Back when scientists wouldn't admit that whales can talk

Thirty Years Ago The surfer is always changing his mind. Suppose he's at the South Mission jetty, watching a wave with the mass of a tall house approach at 30 mph along the rocks. He may wish his board had a little more flotation, to increase paddling speed. Suppose he's in two-foot mush at La Jolla Shores and his nine-foot gun pearls in the sand the moment the wave gets under his tail. He'd probably rather have a fat little summer fish at that moment. -- "THE SURFBOARD SHAPERS," Mark Woelber, December 18, 1975

Twenty-Five Years Ago Sheriff's deputy A.D. Martin, pilot of a sheriff's helicopter, landed safely at North Island after a least tern (a sea bird on the endangered species list) crashed through the copter's Plexiglas canopy. The bird, which was unhurt, was so angered at the unexpected accident that it began pecking furiously at the feet of Martin's partner, deputy Frank Bird (really). -- SHORT TAKES: "WRONG TERN," December 18, 1980

Twenty Years Ago It cracks me up that scientists won't admit whales can talk. But what do you expect from a bunch of people who manufactured the atom bomb, right? I mean, these are people who tell you not to worry about the environment while they're busy spraying poisons on your cereal grain. The idea that whales can talk scares them, man. They can't handle the thought that something out there knows something that they don't. Besides, their macho buddies in the military-industrial-agricultural complex wouldn't give them any more bucks for research if they wrote anything revolutionary, and God forbid that they should come up with something new. -- "IN A GRAY AREA," Rainbow Freedom, December 19, 1985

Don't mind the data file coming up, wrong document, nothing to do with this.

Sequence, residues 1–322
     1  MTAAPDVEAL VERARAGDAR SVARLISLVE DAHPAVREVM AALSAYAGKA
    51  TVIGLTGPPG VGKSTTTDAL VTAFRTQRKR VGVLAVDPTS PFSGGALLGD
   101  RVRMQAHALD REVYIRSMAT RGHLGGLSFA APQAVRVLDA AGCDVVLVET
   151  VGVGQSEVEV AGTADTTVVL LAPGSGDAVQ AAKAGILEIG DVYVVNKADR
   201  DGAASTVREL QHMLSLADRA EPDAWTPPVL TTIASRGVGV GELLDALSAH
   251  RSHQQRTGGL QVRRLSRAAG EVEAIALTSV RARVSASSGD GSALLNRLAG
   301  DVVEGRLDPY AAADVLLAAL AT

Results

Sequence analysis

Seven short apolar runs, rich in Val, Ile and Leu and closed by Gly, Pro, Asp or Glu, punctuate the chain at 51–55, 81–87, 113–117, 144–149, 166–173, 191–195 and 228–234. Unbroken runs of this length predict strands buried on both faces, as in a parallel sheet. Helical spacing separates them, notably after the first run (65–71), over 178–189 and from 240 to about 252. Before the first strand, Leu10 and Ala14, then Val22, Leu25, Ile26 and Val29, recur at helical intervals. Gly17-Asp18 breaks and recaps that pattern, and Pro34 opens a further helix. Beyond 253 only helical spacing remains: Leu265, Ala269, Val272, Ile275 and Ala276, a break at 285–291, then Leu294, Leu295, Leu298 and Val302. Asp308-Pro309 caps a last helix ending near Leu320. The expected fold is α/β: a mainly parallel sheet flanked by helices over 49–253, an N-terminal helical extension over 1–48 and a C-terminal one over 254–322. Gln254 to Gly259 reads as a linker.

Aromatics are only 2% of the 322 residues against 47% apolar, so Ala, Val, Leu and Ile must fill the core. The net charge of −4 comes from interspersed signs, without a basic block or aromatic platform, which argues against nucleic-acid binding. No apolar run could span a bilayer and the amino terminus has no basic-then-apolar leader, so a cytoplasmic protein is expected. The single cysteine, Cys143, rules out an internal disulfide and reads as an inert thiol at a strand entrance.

Fifteen Years Ago Once upon a time, I was a non-hippie proto-post-punk semi-amniotic undergraduate at UCSD, floundering in the concrete-arid-topsoil wastes of an almost brand-new Muir College -- searching for a major, a mentor, or something magic (not to mention another bag of pot or an exotic flavor of LSD). A professor called me into his office one day to discuss a paper I had composed for his literature class, something breezy about a book I found baffling, The Tales of Hoffmann. This professor asked me what my favorite books were, and I replied, mumbling that Jack Kerouac was my hero, that I loved his hastily built beatnik anthem, On the Road. This professor coughed into his fist and recommended a list of novels (not books, but novels!) that he thought I might find more substantial, more fulfilling, that weren't composed on butcher paper and stained with zinfandel and amphetamine crumbs. He invoked the litany and fired the canon: Melville, Mann, Joyce, Faulkner, Mailer. Yikes. The following year I fled UCSD, after my advisor remarked, "Dave, I don't think we have what you're looking for." -- "DIMITRI'S PASSION," Dave Zielinski, December 20, 1990

Ten Years Ago "We've been giving away picks and stickers," Abdelnour said. "When you give a kid something, they're all going to want something. I've been giving away guitar strings. I thought that wasn't a very good idea because they could poke each other, so I stopped doing that. Plus it was costing way too much money to give away all my guitar strings. But they'll take anything. They'll take a wrapper of a guitar string. Anything. I let them go through my guitar case and they take everything." -- CALENDAR: "WE'RE JUST A WHITE BAND FROM SANTEE," Larry Harmon, December 14, 1995

Five Years Ago Vice President Al Gore's recount committee has taken in $3.5 million to pay for all those legal bills associated with his struggle over the presidency with George W. Bush. Big Gore donors include Jane Fonda, with $100,000. Only one San Diego name appears on the list: billionaire Qualcomm founder Irwin M. Jacobs, with $2000. -- CITY LIGHTS: "GORE FUNDS," Matt Potter, December 14, 2000

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